the impact of Basel Capital Accord will be felt more in terms of liquidity risk management than on capital requirements. both nationally and internationally. as our experience with clients has shown. they can drive real value and support in taking advantage of regulatory change. Banks in KSA and Qatar. products and processes—will be a key component in building customer loyalty. However. The risk department will need to move away from its traditional support/ service provider role toward being a true business partner (Figure 10). banks will take a leaf out of the experience of retailers in designing and marketing their products and services. as IT departments of banks in GCC countries tend to be small and characterized by heterogeneous architectures. banks should focus on allowing space for the finance and risk department at the strategy table. Being a true business partner means. Banks will need to take a proactive stance in understanding these new requirements and their implications for their current product and service offerings and management of liquidity. To position themselves to prepare for regulatory changes.— will improve both customer experience and efficiency of bank distribution networks. have been steadily increasing their IT spends over the last years and are expected to demonstrate double-digit growth in the mid-term. business outcomes can be achieved better in organizations where the IT department’s role is that of a strategic business partner. differentiate themselves will be able to identify and act on the opportunity to align risk management with the business strategy and look for growth drivers. GCC banks recognize the criticality of IT in business operations. as in the case of retailers. More importantly. the ability of banks to apply technology innovations in business—in channels. increase transparency to the customer base. Transitioning to a business partner Source: Accenture 19 . Increased auditing and compliance requirements. and provide riskbased analytics-driven insights. Banks that Figure 10. for example. In this capacity. require banks to spend on IT systems. Mastering regulatory compliance With banks in the region already being adequately capitalized. And. Indeed. Such an approach could enable efficiency and performance improvements. they may well need to integrate the architectures and silos for greater business efficiency. Communicating with customers across multiple channels— via handheld devices and the selfservice kiosks already available in some bank branches.Technology will play a pivotal role in creating the desired customer experience. using innovative technologies as a differentiating factor to create competitive advantage. for instance.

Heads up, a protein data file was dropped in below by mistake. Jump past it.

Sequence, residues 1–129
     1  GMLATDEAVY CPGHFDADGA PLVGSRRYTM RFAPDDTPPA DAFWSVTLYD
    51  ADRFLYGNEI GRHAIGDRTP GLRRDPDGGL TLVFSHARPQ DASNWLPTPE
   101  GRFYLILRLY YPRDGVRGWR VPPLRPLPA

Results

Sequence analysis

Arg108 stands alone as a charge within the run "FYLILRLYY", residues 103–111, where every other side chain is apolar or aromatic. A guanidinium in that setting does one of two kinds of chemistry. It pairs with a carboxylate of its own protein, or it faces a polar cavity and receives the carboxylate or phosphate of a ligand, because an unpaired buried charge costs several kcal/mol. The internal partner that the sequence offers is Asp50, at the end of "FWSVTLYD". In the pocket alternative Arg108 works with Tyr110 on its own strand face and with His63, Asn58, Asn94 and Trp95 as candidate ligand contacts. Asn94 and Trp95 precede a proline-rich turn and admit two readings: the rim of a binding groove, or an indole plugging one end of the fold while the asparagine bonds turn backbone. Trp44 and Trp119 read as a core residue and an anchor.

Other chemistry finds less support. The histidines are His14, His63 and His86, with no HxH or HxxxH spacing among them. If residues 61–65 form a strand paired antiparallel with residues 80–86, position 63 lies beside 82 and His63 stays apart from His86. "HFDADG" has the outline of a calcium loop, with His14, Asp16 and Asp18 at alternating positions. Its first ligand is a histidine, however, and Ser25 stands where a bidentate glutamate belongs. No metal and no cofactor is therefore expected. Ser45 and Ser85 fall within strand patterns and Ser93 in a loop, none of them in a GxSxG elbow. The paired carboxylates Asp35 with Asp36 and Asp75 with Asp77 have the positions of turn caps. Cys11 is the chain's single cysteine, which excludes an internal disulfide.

GCC banks may need to consider empowering their HR department to be able to drive an impact on overall company business performance and align company governance with country government strategy and indicators (i.. 20 . Additionally. Accenture’s experience has shown that it is possible to design talent strategies aimed at achieving customer satisfaction goals as well as employee engagement and retention objectives (Figure 11). Banks will need to invest in creating a performance culture as common values that bind the organization from the branches through the back office and headquarters and internally establish value-based inclusion and diversity capability. creating an innovative and attractive work environment. are on the way to winning the war. HR and talent management framework Source: Accenture Design the right talent strategies to attract and retain talent. today’s pressure for skills can be won by proper planning and with creative talent management strategies. Companies with clearly defined threeto five-year workforce plans that quantifies volumes per critical roles.e. among many other such parameters. identifies the market supply potential in the region and globally. developing. This alignment with corporate strategy will be most effective if HR directors are equipped with rigorous. Organizations everywhere are grappling with the challenge of attracting. competitive advantage—and excels at attracting. GDP or Sauditization/Emiratization/ Kuwaitization). fact-based reporting metrics and predictive and prescriptive analytic intelligence. engaging and retaining talent. A talent-powered organization is one that sees workforce talent as the engine for sustained. engaging and retaining its best people. and clear succession planning among others can enhance a bank’s competitiveness.Figure 11. Talent management strategies that extend beyond rewards and remuneration and are based on other factors such as learning and development opportunities. In our experience. and measures the time to proficiency per critical role.